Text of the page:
based on computed change in inter-class inertia (a measure of variability that we
wished to maximise) going from n to n-1 class configurations, as well as on the theoretical
plausibility, interpretability, and stability of the solution 48]. The final set of classes was considered to represent the taxonomy of pathways and
a name was attributed to each class.
In MCA and AHC, supplementary variables (predisposing, enabling, and perceived morbidity
factors) from the conceptual framework are not used to compute the factorial axes
nor for classification. However, they are useful to the interpretation of results
49]. As such, supplementary variables significantly associated with the classes were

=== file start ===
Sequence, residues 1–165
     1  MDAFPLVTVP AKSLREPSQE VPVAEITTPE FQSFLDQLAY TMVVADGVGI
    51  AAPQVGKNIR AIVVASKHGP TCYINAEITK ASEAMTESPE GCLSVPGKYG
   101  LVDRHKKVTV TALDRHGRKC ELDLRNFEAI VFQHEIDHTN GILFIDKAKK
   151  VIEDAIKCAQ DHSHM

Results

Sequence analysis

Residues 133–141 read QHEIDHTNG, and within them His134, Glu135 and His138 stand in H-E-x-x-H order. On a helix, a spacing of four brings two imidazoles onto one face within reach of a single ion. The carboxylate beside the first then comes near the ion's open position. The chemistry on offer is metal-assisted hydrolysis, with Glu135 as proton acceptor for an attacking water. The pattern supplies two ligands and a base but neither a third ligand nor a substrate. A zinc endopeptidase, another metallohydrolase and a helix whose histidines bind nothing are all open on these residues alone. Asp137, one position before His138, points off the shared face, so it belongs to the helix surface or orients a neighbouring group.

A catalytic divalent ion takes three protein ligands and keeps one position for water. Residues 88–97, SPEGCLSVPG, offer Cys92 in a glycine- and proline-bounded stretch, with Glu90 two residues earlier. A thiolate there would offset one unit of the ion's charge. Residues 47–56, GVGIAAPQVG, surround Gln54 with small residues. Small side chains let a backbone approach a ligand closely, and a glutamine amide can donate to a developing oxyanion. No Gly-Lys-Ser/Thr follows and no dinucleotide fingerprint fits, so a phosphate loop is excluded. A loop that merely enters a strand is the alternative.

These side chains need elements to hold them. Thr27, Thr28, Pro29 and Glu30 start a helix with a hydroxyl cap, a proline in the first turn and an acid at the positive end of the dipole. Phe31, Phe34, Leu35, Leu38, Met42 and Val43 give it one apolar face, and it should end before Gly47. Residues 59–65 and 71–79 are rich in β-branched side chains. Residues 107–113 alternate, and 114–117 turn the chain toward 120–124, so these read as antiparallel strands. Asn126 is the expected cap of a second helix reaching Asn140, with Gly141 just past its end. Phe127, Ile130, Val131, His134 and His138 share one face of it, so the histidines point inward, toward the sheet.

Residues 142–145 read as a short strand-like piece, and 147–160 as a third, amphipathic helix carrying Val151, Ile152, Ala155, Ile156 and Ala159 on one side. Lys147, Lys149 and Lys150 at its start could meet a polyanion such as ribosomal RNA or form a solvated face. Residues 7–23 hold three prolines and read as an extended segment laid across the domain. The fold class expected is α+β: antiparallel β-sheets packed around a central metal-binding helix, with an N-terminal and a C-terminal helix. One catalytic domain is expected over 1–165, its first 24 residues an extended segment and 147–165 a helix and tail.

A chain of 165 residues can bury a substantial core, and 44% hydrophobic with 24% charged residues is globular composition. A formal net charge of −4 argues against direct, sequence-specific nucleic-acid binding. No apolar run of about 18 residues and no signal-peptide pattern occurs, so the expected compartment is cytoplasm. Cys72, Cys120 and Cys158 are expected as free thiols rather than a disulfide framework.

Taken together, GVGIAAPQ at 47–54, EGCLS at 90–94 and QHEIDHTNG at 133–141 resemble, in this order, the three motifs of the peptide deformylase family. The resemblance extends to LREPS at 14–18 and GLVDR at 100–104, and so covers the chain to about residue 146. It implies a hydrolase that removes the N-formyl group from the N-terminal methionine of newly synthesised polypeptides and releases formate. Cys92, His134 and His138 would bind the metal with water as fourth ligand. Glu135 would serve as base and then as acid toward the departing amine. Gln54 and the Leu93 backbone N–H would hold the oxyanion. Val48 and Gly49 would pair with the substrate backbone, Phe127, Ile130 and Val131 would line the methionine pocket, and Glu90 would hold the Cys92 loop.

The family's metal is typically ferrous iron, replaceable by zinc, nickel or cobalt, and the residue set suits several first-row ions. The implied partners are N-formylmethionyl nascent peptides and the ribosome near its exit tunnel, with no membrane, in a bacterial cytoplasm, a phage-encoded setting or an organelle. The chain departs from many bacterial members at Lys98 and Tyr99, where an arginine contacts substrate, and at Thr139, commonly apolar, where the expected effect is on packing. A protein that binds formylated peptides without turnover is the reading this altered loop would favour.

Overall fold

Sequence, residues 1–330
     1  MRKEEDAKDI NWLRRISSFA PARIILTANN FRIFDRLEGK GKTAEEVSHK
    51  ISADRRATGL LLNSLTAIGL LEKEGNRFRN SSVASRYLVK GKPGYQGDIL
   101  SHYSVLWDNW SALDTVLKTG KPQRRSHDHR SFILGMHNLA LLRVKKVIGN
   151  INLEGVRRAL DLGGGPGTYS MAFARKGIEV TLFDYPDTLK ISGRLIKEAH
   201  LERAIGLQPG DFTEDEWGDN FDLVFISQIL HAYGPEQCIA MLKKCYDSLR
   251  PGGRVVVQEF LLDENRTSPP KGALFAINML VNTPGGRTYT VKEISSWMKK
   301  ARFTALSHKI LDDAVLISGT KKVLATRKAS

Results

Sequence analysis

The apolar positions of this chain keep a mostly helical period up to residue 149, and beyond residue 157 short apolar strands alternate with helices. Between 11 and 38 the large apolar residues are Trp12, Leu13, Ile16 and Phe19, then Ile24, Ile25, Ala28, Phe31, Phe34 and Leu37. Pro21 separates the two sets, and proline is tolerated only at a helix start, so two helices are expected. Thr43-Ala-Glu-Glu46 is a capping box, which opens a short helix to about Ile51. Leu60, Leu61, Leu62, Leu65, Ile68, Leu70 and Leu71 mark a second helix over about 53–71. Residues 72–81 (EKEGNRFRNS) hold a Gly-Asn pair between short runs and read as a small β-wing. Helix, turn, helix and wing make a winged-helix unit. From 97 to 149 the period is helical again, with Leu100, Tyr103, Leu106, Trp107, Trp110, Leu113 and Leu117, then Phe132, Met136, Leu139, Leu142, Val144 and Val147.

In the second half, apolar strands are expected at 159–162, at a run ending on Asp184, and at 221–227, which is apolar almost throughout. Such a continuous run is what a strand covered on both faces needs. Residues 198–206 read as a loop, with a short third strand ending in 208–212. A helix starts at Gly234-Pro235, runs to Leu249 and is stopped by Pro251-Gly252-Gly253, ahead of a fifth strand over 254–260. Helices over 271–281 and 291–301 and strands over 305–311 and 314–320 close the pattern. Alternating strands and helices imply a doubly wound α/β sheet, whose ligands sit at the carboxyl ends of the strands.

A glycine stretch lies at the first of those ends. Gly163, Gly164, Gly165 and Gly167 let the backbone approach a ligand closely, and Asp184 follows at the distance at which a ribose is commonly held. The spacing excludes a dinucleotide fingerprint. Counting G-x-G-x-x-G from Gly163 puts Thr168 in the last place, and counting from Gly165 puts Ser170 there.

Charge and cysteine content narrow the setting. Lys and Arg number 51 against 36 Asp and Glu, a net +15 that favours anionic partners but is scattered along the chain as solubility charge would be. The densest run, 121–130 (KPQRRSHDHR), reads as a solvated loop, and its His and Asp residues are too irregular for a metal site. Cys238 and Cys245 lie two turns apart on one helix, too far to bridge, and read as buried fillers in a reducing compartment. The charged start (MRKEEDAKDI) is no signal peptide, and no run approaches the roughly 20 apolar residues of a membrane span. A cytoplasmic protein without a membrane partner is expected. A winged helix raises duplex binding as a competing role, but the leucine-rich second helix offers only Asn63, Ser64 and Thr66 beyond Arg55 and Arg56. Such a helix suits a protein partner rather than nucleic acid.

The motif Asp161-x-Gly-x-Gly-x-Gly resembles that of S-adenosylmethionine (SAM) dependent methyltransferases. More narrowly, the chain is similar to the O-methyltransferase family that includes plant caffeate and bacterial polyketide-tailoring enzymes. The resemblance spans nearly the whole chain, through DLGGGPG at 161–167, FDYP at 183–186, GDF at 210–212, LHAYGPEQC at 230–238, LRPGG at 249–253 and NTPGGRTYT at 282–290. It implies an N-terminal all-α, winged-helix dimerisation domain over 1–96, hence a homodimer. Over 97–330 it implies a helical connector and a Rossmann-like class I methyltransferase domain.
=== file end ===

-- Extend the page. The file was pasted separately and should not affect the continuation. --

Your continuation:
used to describe patient profiles within each class.
For the second objective (associations between healthcare pathways and appropriateness
of referral), the categories of the newly defined pathway taxonomy were cross-tabulated
with the appropriateness of referral status. In addition, adjusted multinomial logistic
regression models of these associations were built from operator-specified hierarchical
variable blocks involving the previously mentioned predisposing, enabling, and perceived
morbidity factors. We presented the most parsimonious model retaining the variables
that had a substantial impact on the odds ratios (using a percentage of excess risk
of 10Â %) 53].
Analyses were carried out with SPAD 7.4 (SystÃ¨me Pour lâ€™Analyse des DonnÃ©es, Coheris, France) and IBM SPSS Statistics version 20.